data hiding/namespace pollution

Alex Hunsley lard at tardis.ed.ac.molar.uk
Mon Oct 31 16:52:54 CET 2005


Steven D'Aprano wrote:
> On Mon, 31 Oct 2005 10:35:19 +0000, Alex Hunsley wrote:
> 
> 
>>There's no really specific questions in this post, but I'm looking for 
>>people's thought on the issues within...
>>
>>
>>The two main versions I've encountered for data pseudo-hiding 
>>(encapsulation) in python are:
>>
>>method 1:
>>
>>_X  - (single underscore) - just cosmetic, a convention to let someone
>>       know that this data should be private.
> 
> 
> Not quite.
> 
> In modules, names starting with one or more underscore (_X, __X, etc.) are
> not copied over when you import the module using "from module import *".

And you can also control what gets exported by defining __all__ I 
believe....

> 
> In classes, instance._X is just a convention "this is private, don't touch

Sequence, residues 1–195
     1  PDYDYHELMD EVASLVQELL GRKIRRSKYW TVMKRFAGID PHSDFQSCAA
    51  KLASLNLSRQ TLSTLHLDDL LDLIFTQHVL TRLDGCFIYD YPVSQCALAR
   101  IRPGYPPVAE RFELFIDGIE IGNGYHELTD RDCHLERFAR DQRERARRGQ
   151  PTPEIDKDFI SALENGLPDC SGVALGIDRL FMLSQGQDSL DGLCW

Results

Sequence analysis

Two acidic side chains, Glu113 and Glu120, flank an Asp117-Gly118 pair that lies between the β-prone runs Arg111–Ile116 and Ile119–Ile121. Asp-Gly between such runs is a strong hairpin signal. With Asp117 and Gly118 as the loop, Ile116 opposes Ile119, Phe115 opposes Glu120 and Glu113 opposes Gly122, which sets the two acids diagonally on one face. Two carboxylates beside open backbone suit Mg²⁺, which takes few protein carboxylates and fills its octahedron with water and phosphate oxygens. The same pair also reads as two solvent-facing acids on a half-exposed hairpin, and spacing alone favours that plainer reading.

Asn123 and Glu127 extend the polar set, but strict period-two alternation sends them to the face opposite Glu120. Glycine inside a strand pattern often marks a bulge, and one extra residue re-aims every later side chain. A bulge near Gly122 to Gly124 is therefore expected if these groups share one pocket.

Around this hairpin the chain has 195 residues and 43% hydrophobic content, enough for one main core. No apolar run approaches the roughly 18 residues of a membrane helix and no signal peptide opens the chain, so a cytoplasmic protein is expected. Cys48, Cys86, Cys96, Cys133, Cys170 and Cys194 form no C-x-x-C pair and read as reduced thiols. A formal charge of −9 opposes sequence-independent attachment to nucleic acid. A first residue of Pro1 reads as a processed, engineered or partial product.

> unless you really have to".

ah, ok.

 >[snip some more details]

Thanks for your helpful response, it's clarifying a few things for me!

> What are you doing, manually keeping a list of "allowed" attributes which
> you check before hand?
> 


Heheh. No, I'm not actually 'doing' anything yet, I'm  findout out what 
is good practise in python land.


> There is, at least, an argument in favour of using that technique for
> enforcing something like attribute declarations:
> 
>     def __setattr__(self, name, value):
>         if name in self.ALLOWED:
>             self.__dict__[name] = value
>         else:
>             raise ValueError("That attribute hasn't been declared.")
> 
> although that just leads into the whole "bondage and domination language"
> can of worms.
> 
> In any case, you already have a perfectly good list of attributes.
> Actually, two lists, one for class attributes and one for instance
> attributes:
> 
> instance.__class__.__dict__.keys() 
> instance.__dict__.keys() 
[snip]

okeydoke.
thanks for the advice!
alex



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